(Observing the toxic debate on the Sewell Report on racism in Britain, I noticed that the report’s critics were much more interested in contesting its use of airy concepts like “structural racism” than in addressing its policy recommendations, or making their own.)
Fain is now on a political island, isolated from the progressive main. She was fired from her software job after writing a feminist critique of the idea of “non-binary” identity. Some people who read it online complained about it to her employer, who fired her without warning. The next day they announced to staff that they had done so in the name of safety and inclusion. They had just fired 50% of their female engineers, a move to which Fain had led the internal resistance. It is illegal to fire someone for organising; this way, she suggests, they could fire her and get applauded for it. Fain has not been able to find work since. She has moved in with family, in a town where she is grateful not to be known by anyone. She makes very little money from the social network she runs, and has no health insurance.
If this is starting to sound rather maudlin on the page, you’ll see, if you listen or watch Fain talk, that she is anything but in person. She is upbeat and good-humoured throughout, even when recounting horrible or infuriating episodes. She is frank about her pain but she doesn’t dwell on it. I agree with most of what she says, intellectually. But I also just like her as a person, at least on the basis of this conversation, the only evidence I have. That makes me trust her as a witness and listen with an open mind.
I mention this in order to say that it’s hard to separate the personal and political, and perhaps not a good idea to do so altogether. You might say that when you’re evaluating someone’s arguments it should be irrelevant whether or not you like them. But for me, at least, the intuitive, liking part is important. In fact it probably outvotes my rational faculty, though both have a say. If I like someone, perhaps because I know them in real life or I like their social media output or whatever, I will find it very hard to accept that the only reason they are making an argument is that they’re suffused with bigotry or boiling with hatred. Even if I won’t always agree with what they say, I will be inclined to listen to them. I will extend them the benefit of any doubt.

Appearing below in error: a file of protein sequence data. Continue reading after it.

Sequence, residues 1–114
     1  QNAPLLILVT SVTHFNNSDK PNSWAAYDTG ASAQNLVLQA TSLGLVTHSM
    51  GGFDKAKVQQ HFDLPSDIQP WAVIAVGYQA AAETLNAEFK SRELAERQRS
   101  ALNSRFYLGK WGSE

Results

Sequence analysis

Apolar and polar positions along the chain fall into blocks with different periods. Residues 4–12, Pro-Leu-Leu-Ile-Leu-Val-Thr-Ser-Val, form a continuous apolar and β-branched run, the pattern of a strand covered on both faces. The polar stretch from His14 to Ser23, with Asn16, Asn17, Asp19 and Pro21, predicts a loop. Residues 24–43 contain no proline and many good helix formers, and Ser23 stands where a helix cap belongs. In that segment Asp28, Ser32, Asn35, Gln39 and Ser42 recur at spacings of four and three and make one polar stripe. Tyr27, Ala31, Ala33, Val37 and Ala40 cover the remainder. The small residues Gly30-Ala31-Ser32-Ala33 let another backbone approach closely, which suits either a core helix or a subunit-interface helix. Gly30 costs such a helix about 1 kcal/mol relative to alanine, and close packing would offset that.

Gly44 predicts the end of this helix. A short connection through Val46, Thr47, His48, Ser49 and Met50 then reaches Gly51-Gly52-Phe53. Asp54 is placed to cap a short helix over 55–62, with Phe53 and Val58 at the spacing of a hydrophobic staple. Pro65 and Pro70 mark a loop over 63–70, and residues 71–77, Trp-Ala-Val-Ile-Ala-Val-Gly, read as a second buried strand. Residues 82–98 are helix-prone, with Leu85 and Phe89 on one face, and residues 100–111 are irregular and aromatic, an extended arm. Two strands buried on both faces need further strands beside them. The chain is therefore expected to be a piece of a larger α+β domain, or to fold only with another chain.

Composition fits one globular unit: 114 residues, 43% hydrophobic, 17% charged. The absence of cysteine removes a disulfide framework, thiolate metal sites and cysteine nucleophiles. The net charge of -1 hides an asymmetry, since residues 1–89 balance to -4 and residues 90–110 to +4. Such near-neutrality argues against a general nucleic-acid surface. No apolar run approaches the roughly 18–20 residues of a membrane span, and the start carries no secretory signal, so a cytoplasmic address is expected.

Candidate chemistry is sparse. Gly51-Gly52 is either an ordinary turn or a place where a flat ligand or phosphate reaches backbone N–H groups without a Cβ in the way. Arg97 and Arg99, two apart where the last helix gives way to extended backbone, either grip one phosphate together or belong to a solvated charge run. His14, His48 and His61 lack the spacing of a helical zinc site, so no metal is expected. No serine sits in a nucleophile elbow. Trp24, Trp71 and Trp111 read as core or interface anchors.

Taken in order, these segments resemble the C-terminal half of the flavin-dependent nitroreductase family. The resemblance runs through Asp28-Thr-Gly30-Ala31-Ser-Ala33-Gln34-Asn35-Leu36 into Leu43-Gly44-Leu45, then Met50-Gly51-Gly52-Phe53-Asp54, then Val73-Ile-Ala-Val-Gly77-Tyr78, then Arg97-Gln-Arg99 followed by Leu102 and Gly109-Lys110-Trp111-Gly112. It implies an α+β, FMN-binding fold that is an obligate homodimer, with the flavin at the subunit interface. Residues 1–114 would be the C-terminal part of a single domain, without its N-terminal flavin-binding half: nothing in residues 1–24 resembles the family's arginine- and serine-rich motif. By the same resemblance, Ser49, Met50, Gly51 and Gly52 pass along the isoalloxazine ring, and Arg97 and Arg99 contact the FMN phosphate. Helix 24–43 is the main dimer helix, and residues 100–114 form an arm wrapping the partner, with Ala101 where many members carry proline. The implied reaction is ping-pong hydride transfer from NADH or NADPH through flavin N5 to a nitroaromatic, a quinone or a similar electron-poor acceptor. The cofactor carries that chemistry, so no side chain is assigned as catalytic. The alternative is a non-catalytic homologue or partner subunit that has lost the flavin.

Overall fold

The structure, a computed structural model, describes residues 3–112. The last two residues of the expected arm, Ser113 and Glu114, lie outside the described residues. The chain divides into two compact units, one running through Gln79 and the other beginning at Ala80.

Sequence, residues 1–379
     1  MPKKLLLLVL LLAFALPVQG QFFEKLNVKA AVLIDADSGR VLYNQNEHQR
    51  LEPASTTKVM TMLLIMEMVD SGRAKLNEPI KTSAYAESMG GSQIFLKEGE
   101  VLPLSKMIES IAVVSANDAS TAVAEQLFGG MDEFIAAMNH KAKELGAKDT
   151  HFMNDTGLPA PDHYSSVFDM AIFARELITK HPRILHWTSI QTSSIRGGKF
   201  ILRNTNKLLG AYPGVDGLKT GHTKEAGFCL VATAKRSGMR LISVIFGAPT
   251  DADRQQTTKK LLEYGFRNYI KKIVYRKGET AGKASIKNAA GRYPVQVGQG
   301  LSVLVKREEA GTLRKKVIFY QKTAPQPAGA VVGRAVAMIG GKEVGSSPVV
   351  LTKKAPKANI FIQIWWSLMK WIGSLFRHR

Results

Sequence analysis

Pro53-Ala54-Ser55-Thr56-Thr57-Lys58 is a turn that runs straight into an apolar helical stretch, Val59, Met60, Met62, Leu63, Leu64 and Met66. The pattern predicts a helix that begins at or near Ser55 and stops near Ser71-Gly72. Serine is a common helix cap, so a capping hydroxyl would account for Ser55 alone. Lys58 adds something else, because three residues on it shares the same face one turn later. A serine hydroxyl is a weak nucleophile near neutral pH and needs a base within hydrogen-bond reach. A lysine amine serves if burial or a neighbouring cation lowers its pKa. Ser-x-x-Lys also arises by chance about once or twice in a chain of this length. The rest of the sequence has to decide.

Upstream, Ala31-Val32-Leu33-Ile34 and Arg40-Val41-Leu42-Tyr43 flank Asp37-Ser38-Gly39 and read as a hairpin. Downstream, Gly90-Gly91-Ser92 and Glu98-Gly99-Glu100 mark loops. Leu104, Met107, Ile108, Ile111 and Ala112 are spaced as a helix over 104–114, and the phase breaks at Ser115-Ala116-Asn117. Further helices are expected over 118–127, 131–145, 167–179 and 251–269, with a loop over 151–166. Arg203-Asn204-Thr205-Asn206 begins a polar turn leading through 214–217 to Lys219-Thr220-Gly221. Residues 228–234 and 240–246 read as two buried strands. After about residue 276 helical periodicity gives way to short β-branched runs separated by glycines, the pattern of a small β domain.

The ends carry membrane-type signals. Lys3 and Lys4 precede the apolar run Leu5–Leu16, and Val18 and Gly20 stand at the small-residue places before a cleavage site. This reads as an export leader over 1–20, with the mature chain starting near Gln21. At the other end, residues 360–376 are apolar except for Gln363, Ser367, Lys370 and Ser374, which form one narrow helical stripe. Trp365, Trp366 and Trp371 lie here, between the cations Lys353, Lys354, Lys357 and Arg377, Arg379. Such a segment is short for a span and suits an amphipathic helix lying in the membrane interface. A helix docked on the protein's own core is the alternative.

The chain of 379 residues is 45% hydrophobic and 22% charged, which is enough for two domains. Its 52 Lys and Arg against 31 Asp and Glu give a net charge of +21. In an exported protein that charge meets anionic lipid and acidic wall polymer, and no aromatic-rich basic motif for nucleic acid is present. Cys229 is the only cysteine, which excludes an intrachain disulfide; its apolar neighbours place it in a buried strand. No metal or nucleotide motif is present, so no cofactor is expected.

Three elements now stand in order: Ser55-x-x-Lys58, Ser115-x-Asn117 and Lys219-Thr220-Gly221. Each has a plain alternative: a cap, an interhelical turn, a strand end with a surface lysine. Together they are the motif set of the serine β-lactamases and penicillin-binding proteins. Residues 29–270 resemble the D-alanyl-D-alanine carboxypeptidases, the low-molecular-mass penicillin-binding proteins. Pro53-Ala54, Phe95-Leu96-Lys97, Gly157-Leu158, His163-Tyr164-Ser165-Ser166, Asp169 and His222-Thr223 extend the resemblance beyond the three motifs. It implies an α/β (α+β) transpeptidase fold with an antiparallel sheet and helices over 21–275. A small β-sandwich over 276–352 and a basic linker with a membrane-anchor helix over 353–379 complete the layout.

This isn’t entirely irrational: liking contains valuable information about how a person thinks, rather than what they think. Fain conveys an authentic sense of humour and irony. Not only do I like people with that capacity, I believe they are more likely to be nuanced thinkers than those who don’t possess it. She also shows the ability to self-critique, intellectually, and even more impressively, emotionally. She questions her own interpretation of the police photo. She admits to having once been jealous of Murphy, as a prominent feminist, which helped her understand at an intuitive level the strain of envy which informs so much trashing behaviour. Such admissions help me trust in her candour, and in her ability to reflect on her own thoughts.
The personal and the political do overlap, then, and should do - but only somewhat. They shouldn’t come close to being identical. You needn’t let your positive feelings about a person stop you from disagreeing with their ideas, and you don’t have to stop liking them when you do so. On the other hand, if you dislike a person, you should still be able to recognise when they are right about something - which is, in turn, easier if you can find a reason to like them a little more or at least dislike them a little less (not always easy, I know). The world can always do with more liking rather than less; there should be no upper bound on human sympathy.
Fain doesn’t present herself as an uncommonly virtuous person. She acknowledges her own urge to trash: to snark and burn and destroy her enemies online when they come for her. But she tries to resist it, aware that it leads only to trashing wars which are emotionally draining and politically self-defeating. That doesn’t mean allowing attacks to go uncontested. Fain has adopted a policy of what she calls, half-jokingly, “emotional pacifism”. That is, she will defend herself vigorously from a trasher, but “I will never trash her back.” If someone calls her a fascist she won’t respond with a “You are -”. She will stick to the particulars of what they have said or done. Well, it’s a start. As Fain puts it, in the context of her own cause, “We need to end this cycle of trashing.”
Thanks for reading this piece, which is free to read, so do go ahead and share. And please check out CONFLICTED, my book on productive conflict, available in the UK and US and lots of other places too.
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Behind the paywall this week, a bumper collection of juicy links: things I have read and loved and been stimulated by in the last couple of weeks, including what Paul sent to Ringo the day after the rooftop concert…